The Borders of the European Union
Zagreb, 1. June 2011
With big fireworks in Zagreb and along the Hungarian and Slovene border, Croatia welcomed the opening of the border to the European Union and Croatia joining the Schengen zone. While free travel to the EU was never a problem for citizens of Croatia, the abolition of border posts to Hungary and Slovenia marks a great improvement for border communities, especially those which saw the hardening of the border when Slovenia joined the Schengen area back in 2008. The president of the European Union, Jean-Claude Juncker, congratulated Croatia on this historical step.
A little east from Croatia, however, political development in recent years suggest the European Union has failed to bring stability. Ever since the illegal referendum on independence of Republika Srpska in late 2010 Bosnia has de facto ceased to exist. The referendum followed the defeat of prime minister Dodik in 2010 by the candidate of the Serb Radical Party, supported by Belgrade and the closure of the OHR in 2009. The predominantly Bosniak and Croat Federation claims to represent all of Bosnia and rejects the declaration of independence of the Serb Republic, which has to date only be recognized by Serbia and Russia.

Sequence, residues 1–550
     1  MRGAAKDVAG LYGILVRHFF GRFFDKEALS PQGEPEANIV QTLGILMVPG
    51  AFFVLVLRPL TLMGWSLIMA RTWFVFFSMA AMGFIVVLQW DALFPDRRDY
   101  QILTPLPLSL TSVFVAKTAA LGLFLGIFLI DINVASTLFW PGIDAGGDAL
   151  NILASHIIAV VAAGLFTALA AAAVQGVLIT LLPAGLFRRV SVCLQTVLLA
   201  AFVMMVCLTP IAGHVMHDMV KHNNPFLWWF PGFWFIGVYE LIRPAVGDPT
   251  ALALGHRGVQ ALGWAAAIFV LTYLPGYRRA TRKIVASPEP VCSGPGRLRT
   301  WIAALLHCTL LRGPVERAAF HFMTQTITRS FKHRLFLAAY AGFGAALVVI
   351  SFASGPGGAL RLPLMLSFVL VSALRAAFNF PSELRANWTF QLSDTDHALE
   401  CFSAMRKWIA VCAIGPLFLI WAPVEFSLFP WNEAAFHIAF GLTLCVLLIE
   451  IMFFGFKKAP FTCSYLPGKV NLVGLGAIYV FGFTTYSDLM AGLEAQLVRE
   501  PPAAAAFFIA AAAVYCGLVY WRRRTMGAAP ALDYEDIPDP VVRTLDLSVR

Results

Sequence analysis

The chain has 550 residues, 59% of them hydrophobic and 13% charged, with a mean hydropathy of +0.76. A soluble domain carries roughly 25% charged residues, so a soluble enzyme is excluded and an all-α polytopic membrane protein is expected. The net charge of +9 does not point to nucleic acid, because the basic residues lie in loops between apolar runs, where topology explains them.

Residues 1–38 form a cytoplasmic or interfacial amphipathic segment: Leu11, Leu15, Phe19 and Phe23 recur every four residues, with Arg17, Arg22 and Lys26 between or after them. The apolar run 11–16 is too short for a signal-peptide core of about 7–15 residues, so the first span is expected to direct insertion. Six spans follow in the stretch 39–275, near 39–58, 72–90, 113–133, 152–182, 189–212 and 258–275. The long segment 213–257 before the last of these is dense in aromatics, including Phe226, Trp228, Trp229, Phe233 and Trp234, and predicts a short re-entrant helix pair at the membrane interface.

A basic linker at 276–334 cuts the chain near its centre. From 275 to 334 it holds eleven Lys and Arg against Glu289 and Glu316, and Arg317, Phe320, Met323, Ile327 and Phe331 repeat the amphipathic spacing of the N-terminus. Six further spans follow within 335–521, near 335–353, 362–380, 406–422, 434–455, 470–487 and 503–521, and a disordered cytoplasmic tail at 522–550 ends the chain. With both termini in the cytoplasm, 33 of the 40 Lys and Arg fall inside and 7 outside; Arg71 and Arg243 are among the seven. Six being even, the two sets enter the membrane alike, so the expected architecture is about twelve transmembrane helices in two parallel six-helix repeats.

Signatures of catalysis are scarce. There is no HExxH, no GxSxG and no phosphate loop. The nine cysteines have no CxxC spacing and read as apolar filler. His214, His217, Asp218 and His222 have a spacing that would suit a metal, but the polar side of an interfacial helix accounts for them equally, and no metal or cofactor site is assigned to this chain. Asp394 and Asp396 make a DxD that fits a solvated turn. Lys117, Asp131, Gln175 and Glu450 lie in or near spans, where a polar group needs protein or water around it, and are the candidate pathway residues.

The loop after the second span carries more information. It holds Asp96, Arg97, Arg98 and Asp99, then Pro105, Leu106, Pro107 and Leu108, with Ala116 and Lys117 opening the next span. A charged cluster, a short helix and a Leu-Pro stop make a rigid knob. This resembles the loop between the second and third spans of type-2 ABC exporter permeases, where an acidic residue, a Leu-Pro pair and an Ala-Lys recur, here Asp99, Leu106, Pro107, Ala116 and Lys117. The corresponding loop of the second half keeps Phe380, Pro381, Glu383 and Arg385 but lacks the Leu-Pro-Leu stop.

While reforms have accelerated in the Federation, the Bosniak member of the Bosnian presidency has recently accused the Croat party of being willing to sacrifice the claim on the Serb Republic for quick entry into the EU. Some Bosniak parties have in fact altogether challenged the EU membership, suggesting that the EU wants to break up Bosnia. This statement comes after the EU insisting that only a unified Bosnia can join the European Union. Considering the strong rejection of EU membership at this point by the Serb Radical Party, in power in Belgrade and Banja Luka, such a perspective appears unrealistic.
While the electoral success of the Radical Party in Serbia itself back in 2008 did not lead to a fully fledged roll-back of reforms in Serbia, the country has been increasingly polarized and the economy has stagnated. Besides the agreement that Lada would begin building cars in Serbia's Zastava car factor, few large foreign investments have materialized.
The proposal by the EU to establish a new partnership agreement with Serbia recently was welcomed by Serbian President Tomislav Nikolic, but rejected as long as the EU proposed agreement does not insist on either acknowledging Serbia's authority over Kosovo or the independence of the Serb Republic.
While Montenegro, Albania and Macedonia might join the EU by 2014, the prospects for Bosnia and Serbia, as well as Kosovo, appear bleak.